Here’s an interesting commentary in Huffington Post that discusses the toll the Ebola outbreak has taken in West Africa, and what we can and cannot measure at this point in time. Kim Yi Dionne of Smith College and Stéphane Helleringer of Columbia University point out that along with the nearly 1,600 people and counting who have succumbed to the virus in Guinea, Liberia, Sierra Leone and Nigeria, Ebola has paralyzed already dysfunctional health care systems to the point that they can no longer adequately care for people with other deadly diseases. The extent of this collateral damage is hard to measure, however, because unlike the fairly precise death data reported on Ebola, the data on other diseases – from malaria to diarrheal disease and tuberculosis—are outdated and imprecise.
“The Ebola outbreak does not only affect health systems but can also modify the economic activity, movements, human contacts, sexual activity, and hygienic behaviors of individuals. And it does so in ways that have complicated effects on the health of populations. For example, widely reported food shortages may increase vulnerability to diseases. Violently enforced preventive measures (e.g., quarantines) may also lead to additional deaths. But, the insistence on hand washing to prevent Ebola may also reduce the transmission of common food-borne pathogens (e.g., Typhoid fever, Hepatitis A) or of the flu. Because of quarantines and curfews imposed by governments (or because of general fear of exposure), road traffic may decline, thus leading to fewer transportation-related deaths. If individuals avoid close contacts with others to prevent Ebola, then some respiratory infections may spread less efficiently. Some of these mechanisms may counteract the extent of Ebola’s collateral damage.”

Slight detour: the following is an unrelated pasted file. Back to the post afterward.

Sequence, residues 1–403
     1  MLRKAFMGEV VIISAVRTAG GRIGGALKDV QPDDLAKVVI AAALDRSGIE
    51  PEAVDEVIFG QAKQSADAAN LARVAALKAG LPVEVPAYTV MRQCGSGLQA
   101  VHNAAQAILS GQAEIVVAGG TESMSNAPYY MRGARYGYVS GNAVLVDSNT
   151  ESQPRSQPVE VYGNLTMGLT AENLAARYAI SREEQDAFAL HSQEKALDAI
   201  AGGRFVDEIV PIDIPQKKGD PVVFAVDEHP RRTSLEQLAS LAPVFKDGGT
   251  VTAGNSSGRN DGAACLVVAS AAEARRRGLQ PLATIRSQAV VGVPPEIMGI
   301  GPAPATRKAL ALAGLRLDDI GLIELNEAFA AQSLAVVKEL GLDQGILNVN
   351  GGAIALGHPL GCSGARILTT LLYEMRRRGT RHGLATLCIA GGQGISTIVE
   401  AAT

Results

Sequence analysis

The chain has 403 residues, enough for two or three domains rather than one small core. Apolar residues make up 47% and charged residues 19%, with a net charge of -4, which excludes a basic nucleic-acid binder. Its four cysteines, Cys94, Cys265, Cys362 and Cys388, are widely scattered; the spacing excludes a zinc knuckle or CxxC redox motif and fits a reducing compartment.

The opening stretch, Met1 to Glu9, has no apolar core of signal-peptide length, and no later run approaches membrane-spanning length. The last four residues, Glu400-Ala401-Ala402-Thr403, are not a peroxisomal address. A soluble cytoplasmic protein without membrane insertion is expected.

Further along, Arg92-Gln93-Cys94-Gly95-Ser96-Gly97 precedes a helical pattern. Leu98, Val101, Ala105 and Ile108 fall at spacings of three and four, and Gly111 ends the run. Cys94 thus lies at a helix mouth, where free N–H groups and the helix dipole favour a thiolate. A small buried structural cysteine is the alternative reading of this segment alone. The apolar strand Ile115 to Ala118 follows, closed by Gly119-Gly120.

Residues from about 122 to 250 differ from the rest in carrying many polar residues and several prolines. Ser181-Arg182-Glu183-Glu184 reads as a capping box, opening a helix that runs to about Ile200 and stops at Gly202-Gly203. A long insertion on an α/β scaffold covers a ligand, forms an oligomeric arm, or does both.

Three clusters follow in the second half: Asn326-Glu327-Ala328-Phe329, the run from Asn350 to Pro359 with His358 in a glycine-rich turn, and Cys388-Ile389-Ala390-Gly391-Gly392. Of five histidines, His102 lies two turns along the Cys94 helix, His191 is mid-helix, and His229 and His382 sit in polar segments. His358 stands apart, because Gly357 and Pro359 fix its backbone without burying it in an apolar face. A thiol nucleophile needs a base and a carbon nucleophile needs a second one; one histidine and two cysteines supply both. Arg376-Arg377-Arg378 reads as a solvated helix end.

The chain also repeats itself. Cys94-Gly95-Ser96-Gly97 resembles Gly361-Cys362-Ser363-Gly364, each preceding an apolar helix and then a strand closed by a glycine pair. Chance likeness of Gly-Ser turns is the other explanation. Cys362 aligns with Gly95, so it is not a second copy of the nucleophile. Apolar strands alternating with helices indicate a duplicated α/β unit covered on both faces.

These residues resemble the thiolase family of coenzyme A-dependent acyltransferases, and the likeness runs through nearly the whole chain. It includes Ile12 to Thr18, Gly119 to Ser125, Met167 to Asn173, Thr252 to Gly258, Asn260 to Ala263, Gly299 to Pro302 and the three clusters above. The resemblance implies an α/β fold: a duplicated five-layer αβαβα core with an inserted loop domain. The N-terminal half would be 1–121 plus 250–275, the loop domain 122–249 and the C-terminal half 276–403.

Disease surveillance is a challenge everywhere, but particularly in developing countries where historically the health of the public health infrastructure has been disproportionate to the disease burden. Here’s a link to the blog.